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Organic Bytes #87: EPA Approves Pesticides in Food

  • Organic Consumers Association
ORGANIC BYTES #87
Health, Justice and Sustainability News Tidbits with an Edge!


7/20/2006

Subscribe to this Bi-weekly Email Newsletter: http://www.organicconsumers.org/organicbytes.htm

Written and edited by Craig Minowa and Ronnie Cummins

IN THIS ISSUE

  • ALERT: EPA ACCEPTING COMMENTS ON PESTICIDE RESIDUES IN FOOD
  • TURNING AMERICA'S WATER-GUZZLING LAWNS INTO EDIBLE ESTATES
  • THINGS YOUR LAWN NEVER WANTED YOU TO KNOW
  • SUPERMARKETS AND GAS STATIONS BEGIN TO BATTLE FOR WORLD'S GRAINS
  • THINGS AN ETHANOL MASCOT WOULD NEVER TELL YOU
  • QUICK TIDBITS: VENEZUELA GOES GE-FREE; FIRST U.S. CITY GOES FAIR-TRADE; AND NEWS ABOUT UNETHICAL ADVERTISERS

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ALERT: EPA ACCEPTING COMMENTS ON PESTICIDE RESIDUES IN FOOD
A coalition of health and environmental groups have filed a petition with the EPA, indicating the agency has violated federal laws for establishing allowable levels of fluoride pesticide residues in foods. The petition comes on the heels of over 7,000 EPA employees calling for stronger limitations of fluoride in food and water, as well as a recent report from the National Academy of Sciences indicating the average American diet has unsafe levels of fluoride. Specifically, the petitioners (including Fluoride Action Network, Beyond Pesticides and Environmental Working Group) are asking the EPA to prohibit the use of sulfuryl fluoride in food production. Elevated levels of fluoride are associated with bone fractures, thyroid function losses, IQ deficits, bone cancer, and Alzheimer's disease. The EPA has posted a public comment period on the issue ending August 4, 2006.
Learn more and take action here: http:www.organicconsumers.org/rd/fluoride.htm

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Photo Parody:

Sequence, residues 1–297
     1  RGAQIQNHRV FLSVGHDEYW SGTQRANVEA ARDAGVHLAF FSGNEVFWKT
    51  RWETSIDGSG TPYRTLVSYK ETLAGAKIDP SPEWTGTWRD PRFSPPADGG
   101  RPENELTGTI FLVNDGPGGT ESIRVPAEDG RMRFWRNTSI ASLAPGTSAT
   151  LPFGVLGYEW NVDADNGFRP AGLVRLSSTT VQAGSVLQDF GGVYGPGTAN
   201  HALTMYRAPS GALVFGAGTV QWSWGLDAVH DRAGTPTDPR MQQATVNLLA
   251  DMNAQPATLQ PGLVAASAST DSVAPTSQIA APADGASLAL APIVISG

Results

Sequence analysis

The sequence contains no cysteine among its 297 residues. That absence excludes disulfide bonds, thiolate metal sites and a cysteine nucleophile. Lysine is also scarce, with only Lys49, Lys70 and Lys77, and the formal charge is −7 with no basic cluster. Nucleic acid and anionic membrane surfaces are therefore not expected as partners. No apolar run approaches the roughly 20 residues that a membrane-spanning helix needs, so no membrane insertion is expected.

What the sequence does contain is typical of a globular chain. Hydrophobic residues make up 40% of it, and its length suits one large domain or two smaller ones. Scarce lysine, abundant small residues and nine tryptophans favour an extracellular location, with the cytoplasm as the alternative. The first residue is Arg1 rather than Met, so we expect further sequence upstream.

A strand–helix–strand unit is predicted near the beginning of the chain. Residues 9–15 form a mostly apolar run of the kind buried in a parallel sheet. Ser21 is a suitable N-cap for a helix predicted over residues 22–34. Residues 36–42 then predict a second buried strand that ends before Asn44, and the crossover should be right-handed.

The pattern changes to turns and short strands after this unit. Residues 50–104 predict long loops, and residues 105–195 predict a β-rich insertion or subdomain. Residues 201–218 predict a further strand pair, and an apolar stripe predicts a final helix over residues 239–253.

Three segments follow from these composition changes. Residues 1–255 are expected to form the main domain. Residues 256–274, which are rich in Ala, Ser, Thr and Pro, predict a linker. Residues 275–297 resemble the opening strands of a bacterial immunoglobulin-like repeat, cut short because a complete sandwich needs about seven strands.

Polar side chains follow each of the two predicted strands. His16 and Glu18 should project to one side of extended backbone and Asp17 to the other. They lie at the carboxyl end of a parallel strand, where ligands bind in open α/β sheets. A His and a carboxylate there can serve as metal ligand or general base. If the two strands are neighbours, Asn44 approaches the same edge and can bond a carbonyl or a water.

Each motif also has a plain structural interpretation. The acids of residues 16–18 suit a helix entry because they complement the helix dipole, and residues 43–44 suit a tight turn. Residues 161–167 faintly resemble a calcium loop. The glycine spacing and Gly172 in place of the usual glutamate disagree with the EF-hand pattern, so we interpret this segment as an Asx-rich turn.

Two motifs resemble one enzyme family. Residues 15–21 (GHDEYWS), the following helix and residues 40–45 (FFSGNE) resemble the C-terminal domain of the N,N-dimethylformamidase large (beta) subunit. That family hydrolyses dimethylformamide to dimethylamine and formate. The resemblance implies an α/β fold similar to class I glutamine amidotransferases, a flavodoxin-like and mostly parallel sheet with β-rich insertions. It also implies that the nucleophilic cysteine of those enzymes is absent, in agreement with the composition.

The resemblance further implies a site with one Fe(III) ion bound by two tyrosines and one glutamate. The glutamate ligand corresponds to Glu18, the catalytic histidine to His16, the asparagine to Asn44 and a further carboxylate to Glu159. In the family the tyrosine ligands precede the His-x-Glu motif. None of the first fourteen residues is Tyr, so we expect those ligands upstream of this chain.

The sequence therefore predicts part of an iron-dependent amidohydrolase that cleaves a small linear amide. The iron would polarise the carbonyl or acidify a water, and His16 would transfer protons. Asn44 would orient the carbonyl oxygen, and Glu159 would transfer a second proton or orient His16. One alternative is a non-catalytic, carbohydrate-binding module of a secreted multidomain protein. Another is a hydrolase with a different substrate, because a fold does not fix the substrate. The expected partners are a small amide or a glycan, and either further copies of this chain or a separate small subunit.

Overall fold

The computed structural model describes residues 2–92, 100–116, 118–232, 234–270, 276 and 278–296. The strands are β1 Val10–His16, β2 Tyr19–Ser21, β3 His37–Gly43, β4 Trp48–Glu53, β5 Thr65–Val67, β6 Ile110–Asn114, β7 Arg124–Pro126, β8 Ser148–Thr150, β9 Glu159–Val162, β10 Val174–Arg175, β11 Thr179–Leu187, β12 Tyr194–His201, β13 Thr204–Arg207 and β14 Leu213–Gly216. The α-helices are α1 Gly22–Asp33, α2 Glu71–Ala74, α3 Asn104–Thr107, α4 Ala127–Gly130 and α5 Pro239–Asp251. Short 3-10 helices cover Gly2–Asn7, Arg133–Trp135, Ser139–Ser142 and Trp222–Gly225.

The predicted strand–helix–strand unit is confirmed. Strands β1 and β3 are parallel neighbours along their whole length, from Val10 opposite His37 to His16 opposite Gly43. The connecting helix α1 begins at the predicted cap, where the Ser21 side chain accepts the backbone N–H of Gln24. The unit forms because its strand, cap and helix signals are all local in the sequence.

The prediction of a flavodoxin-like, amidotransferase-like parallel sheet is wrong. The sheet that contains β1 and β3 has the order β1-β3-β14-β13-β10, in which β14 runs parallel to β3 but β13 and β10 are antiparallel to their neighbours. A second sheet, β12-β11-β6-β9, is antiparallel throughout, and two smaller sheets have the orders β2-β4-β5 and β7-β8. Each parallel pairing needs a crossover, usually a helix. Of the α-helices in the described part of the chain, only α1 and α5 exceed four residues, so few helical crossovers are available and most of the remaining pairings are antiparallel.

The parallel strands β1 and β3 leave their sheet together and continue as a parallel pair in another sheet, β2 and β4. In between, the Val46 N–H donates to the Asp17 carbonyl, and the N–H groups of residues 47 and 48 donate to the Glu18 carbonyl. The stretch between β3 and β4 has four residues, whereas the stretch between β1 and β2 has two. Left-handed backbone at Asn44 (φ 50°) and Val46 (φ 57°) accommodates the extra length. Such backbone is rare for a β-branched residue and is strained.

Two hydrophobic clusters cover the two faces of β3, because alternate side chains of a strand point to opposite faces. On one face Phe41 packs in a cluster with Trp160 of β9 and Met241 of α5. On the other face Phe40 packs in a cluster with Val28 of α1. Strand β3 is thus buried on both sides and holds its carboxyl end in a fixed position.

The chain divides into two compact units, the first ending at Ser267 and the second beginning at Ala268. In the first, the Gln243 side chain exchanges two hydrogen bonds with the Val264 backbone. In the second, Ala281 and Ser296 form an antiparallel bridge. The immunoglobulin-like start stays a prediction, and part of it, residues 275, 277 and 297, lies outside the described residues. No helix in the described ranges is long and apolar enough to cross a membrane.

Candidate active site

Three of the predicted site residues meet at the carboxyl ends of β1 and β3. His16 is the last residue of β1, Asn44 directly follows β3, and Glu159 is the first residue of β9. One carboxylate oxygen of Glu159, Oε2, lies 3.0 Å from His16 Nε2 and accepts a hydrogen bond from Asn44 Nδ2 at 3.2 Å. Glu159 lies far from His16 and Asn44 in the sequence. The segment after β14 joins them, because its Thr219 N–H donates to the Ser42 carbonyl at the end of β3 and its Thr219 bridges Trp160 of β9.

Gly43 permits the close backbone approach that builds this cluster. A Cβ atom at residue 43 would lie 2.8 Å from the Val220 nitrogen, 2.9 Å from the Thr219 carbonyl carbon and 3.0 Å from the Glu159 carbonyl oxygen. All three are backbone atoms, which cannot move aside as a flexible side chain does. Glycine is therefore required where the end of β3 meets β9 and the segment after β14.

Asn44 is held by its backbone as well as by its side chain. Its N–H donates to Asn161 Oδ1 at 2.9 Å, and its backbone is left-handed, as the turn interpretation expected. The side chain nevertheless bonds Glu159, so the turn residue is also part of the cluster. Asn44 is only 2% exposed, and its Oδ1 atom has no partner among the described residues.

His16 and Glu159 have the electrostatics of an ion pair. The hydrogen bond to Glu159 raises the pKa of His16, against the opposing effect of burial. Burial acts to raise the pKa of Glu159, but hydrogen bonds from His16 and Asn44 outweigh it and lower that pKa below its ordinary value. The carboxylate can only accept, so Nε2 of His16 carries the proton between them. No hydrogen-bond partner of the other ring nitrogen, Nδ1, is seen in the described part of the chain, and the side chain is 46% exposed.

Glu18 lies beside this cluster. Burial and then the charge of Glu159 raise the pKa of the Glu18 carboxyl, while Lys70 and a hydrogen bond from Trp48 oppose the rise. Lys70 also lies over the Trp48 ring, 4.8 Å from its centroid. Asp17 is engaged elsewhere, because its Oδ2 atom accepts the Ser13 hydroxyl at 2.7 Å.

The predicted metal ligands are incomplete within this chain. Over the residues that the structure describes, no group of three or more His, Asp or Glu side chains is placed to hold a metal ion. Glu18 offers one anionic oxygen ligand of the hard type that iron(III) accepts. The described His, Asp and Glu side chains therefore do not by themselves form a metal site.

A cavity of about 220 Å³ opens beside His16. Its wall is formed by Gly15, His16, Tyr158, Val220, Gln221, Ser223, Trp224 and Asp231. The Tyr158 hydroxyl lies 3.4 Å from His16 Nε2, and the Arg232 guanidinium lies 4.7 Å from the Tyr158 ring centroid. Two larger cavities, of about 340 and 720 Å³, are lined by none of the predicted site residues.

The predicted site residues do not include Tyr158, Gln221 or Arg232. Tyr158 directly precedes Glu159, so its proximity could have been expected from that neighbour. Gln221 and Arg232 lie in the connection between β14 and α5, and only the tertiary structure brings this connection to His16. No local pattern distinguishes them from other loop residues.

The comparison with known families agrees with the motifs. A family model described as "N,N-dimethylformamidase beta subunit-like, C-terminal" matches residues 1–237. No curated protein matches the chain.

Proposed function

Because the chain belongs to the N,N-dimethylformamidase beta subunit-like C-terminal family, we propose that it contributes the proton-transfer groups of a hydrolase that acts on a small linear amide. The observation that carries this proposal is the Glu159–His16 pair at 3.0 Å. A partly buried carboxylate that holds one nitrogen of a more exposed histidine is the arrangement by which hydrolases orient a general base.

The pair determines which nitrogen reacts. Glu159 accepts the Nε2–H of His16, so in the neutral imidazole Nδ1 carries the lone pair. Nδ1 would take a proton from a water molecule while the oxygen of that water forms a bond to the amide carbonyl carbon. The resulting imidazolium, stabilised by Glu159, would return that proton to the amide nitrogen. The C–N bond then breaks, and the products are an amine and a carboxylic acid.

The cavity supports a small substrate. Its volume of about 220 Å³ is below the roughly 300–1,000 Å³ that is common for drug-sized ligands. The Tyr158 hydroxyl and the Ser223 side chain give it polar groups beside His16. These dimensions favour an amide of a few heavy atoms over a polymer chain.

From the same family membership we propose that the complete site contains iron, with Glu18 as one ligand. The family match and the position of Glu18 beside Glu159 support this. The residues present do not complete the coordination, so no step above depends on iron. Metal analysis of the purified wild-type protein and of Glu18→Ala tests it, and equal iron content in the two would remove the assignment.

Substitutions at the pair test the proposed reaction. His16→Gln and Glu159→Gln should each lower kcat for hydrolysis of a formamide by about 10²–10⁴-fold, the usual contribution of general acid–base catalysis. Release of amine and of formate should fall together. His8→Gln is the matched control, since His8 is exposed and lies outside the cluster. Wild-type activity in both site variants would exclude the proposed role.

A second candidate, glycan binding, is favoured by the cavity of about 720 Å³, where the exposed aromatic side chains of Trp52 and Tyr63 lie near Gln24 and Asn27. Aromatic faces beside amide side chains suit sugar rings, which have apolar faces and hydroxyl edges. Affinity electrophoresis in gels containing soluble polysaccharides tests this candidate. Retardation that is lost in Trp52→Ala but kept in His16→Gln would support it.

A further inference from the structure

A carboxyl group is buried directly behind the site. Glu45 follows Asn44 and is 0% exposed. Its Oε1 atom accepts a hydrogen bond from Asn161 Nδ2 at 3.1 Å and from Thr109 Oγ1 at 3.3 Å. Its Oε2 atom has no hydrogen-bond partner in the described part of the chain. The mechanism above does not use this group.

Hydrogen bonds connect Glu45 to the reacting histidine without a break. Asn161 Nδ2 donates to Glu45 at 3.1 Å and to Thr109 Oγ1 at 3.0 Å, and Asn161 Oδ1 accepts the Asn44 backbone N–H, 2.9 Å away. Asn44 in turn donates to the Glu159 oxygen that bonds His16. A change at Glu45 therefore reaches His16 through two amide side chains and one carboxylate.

Does the mowing ever end?

TURNING AMERICA'S WATER-GUZZLING LAWNS INTO EDIBLE ESTATES
The average temperature for the continental United States from January through June 2006 was the warmest first half of any year since records began being kept, according to scientists at the NOAA National Climatic Data Center. As many U.S. states suffer from drought, tensions over water usage are escalating, particularly over the nation's obsession for green lawns. In Los Angeles, Fritz Haeg has launched a nationwide campaign called "Edible Estates," helping homeowners convert their water thirsty lawns into vegetable gardens or native vegetation. "It's about shifting ideas of what's beautiful," says Haeg. According to homeowners across the U.S. who have taken similar steps to convert their yards into more practical (and less water-hungry) plots of land, the biggest problem comes from neighbors who believe such yards will reduce property values in the neighborhood. Meanwhile, groups like Edible Estates, are working to highlight the major problems inherent in fertilizing, watering and applying pesticides to the millions of acres of lawns across the U.S. "Diversity is healthy," says Haeg. "The pioneers were ecologically-minded out of sheer necessity, because they had to eat what they grew. But we've lost touch with the garden as a food source."
Learn more:
http://www.organicconsumers.org/2006/article_1105.cfm

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THINGS YOUR LAWN NEVER WANTED YOU TO KNOW

  • The EPA estimates that the total amount of residential lawn in the United States ranges around 40 million acres, making turf grass the nation's biggest irrigated crop.
  • Americans pour as much as 238 gallons of water per person, per day onto lawns during the growing season.
  • The U.S. lawn industry is a $70 billion annual business.
  • America's 50 million or so lawnmowers burn through 800 million gallons of gas every year.

Source: United States EPA: Pesticide Environmental Stewardship Program

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SUPERMARKETS AND GAS STATIONS BEGIN TO BATTLE FOR WORLD'S GRAINS